If you (or your partner) died unexpectedly, life insurance could take care of their financial needs and prevent an already terrible situation from becoming worse.
There are, of course, many other points to consider, such as how much insurance should you buy? Do you only insure those in the family who are earning? How long should the policy last?
We’ll help you answer all these questions below, alongside pointers you should consider while applying for cover.
Are you a breadwinner?
Could your family cope without your income, or be able to pay the mortgage?
In short, if anyone relies on your income, life insurance is a must. Even if they could pay the mortgage, there is always other financial commitments and day-to-day expenses.
Or a stay-at-home parent?
You should probably consider life insurance even if you don’t bring in a salary.
The death of a stay-at-home parent could have a financial impact, as the family would perhaps have to pay for childcare and housekeeping. This would be covered should you have insurance.
How would they be financially secure?
"In short, if anyone relies on your income, life insurance is a must."
Life insurance pays out either a lump sum or a regular income on death, thus providing a financial safety net for your loved ones.
This money can then be used to clear debts, such as an ongoing mortgage, or to fund everyday living costs.
What are the different types of cover?
Life insurance has many and varied types, but the most popular type is level term insurance.
The policy runs for a set term, say 10, 20 or 25 years, and the payout remains the same whether you die in five years or 15 years.
What about decreasing term insurance?
Decreasing term insurance is similar to level term, but the payout gets gradually smaller over the policy term.
It is often linked to a repayment mortgage because the amount you owe the lender also reduces over time.
What is family income benefit cover?
With family income benefit cover, the beneficiaries of the policy receive a monthly income rather than a lump sum payout.
The payments continue until the end of the policy term, so premiums may be cheaper because the insurer expects to pay out less overall.
For example, if you die 15 years into a 25 year cover plan, then they will only pay out for 10 years.
What does whole-of-life mean?
Both level and decreasing term insurance pay out only if you die within the term. If you take out a 20-year policy and die in year 21, your family will get nothing.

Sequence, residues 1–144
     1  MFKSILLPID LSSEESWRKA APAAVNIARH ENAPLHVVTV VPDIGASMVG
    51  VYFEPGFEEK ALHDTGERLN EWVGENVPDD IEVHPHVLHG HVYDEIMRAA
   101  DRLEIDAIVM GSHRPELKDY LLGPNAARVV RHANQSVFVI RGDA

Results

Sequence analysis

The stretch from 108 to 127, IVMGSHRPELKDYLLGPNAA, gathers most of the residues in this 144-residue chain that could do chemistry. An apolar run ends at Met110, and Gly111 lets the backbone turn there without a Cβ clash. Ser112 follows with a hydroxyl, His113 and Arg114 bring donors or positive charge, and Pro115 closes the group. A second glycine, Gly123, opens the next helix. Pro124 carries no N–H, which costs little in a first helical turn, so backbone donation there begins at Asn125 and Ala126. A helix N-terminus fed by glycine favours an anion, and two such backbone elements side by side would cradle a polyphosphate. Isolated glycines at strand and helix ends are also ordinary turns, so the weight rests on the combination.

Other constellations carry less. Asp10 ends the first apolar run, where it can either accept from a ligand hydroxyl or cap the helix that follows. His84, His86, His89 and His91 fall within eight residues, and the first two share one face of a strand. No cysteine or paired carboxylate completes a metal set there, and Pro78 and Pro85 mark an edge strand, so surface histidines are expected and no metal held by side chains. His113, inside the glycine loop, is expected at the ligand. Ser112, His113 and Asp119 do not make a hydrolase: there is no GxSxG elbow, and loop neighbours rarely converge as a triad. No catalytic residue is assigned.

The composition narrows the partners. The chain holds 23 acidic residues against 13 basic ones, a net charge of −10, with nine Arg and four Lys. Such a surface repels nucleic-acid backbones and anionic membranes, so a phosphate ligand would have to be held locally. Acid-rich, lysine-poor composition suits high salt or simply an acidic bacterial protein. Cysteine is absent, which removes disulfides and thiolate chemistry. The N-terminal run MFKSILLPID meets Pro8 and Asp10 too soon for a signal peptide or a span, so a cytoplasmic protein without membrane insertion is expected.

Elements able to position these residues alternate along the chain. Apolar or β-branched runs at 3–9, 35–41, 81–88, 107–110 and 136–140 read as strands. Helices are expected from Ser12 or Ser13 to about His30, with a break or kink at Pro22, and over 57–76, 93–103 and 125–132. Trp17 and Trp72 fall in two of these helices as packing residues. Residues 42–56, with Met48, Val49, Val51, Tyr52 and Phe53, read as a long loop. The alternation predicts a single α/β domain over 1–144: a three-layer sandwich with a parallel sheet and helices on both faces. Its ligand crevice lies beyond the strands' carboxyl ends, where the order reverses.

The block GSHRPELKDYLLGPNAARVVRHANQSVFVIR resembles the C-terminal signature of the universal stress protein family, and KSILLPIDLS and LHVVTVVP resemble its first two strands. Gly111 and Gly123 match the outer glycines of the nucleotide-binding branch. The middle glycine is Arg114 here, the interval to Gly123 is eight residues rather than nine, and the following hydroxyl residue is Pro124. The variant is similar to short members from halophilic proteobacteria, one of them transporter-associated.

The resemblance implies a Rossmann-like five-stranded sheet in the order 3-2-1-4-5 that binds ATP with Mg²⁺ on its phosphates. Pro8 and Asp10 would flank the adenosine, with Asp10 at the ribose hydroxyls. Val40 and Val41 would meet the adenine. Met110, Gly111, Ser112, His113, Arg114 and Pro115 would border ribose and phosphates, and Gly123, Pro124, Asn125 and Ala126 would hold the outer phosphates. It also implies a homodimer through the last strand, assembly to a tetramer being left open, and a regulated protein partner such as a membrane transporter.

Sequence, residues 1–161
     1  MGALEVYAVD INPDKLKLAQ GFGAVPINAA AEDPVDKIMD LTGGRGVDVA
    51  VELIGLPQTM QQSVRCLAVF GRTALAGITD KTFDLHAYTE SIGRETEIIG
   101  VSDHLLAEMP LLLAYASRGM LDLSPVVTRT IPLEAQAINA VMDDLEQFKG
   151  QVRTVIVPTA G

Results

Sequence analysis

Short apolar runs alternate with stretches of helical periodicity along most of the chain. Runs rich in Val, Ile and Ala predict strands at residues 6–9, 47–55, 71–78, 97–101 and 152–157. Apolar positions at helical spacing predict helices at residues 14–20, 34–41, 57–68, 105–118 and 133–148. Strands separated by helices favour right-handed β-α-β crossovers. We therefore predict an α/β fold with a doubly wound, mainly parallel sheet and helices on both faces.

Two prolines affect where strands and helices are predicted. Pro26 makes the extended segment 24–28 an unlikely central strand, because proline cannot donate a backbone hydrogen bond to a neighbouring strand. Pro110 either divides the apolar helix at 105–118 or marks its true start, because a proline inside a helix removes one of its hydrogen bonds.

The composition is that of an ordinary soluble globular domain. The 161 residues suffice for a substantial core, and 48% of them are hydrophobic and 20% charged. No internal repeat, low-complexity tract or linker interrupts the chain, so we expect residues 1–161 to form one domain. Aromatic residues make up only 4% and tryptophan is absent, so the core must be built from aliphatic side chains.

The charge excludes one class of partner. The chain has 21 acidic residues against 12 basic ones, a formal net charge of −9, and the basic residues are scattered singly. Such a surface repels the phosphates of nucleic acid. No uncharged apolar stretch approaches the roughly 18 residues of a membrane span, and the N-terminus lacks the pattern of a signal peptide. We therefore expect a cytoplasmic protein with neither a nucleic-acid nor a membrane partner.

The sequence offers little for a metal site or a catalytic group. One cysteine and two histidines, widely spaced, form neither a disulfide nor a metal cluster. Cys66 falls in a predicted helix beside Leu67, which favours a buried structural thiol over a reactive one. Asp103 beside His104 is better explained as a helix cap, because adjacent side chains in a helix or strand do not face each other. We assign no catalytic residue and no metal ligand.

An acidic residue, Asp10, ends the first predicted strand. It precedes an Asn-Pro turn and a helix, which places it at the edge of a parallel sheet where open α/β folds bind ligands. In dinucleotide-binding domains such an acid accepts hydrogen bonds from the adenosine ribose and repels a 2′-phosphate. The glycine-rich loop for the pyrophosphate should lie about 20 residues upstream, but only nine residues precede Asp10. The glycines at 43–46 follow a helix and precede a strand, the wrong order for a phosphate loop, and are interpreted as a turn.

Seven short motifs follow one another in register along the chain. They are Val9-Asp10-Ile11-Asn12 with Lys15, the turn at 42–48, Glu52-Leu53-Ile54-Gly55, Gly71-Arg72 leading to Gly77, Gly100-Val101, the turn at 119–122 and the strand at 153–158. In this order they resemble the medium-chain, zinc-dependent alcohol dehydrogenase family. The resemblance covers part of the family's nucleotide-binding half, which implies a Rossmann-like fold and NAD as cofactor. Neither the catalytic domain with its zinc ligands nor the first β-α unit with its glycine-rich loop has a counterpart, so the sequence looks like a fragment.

So the alternative is whole-of-life cover, which pays out whenever you die.
Whole of life assurance is usually more expensive, but then you have a guaranteed payout.
What is the difference between a single and joint life policy?
If you are in a couple, then you might be tempted to purchase a joint life policy because it is cheaper.
But it is best seeking advice before you do, because while cheaper, the joint cover only pays out once when one of the policyholders passes away.
However, after this payout, the survivor (and possibly their family) is left without cover. To buy a new policy at that point could prove costly, due to increased age or health problems.
How much cover do you need?
The amount of cover you need is known as the ‘sum insured’, which you should select according to your budget and requirements.
For example, someone with a large mortgage and three young kids should probably buy more cover than a single parent with a small flat.
Most insurance advisers recommend a sum insured equal to at least 10 times your annual salary.
What are policy add-ons?
Insurance companies offer add-ons to life insurance policies for extra security in certain circumstances.
If you opt to pay for ‘waiver of premium’, for example, your premiums will be paid automatically if you can no longer work due to an accident or illness.
It is worth speaking with an advisor for more information on each policy add-on.
What is critical illness cover?
One of the most common add-ons is critical illness cover, which pays out the sum insured if you are diagnosed with a serious condition or illness.
The list includes certain types of cancer, strokes and life-threatening injuries but will vary from provider to provider.
But be aware that while critical illness cover can be a valuable benefit it can be expensive, often costing more than the life insurance policy itself.
What will the cost of cover be?
The cost of life insurance depends on a number of different factors, including the sum insured, the type of policy and if you choose any add-ons or extras.
Insurers also look at age, occupation and your state of health before setting the premium, so it will be different for everyone. For example, a 55-year old smoker will almost certainly pay more than a 30-year old non-smoker.
Similarly, if you suffer from ill health or are older you should expect a high premium. And the insurer will doubtlessly exclude any pre-existing medical conditions.
What does making your policy ‘in trust’ mean?
Life insurance in itself isn’t taxed, but the proceeds from a life insurance payout could form part of your estate when you die.
This means that your family will be liable for inheritance tax (IHT) at 40% on the value of the estate above £325,000 (or £650,000 if you if you are married or in a civil partnership). Which, when you consider a family home is often worth that much on its own, is easy to meet.
A way to circumvent this is to write the policy ‘in trust’, which means it is placed apart from the estate. The taxman can’t then touch this money and so your family (or other beneficiaries) will get the full amount.
But to be sure, it’s definitely a good idea to seek the advice of a specialist on IHT as they will know the exact implications of putting your life insurance in trust.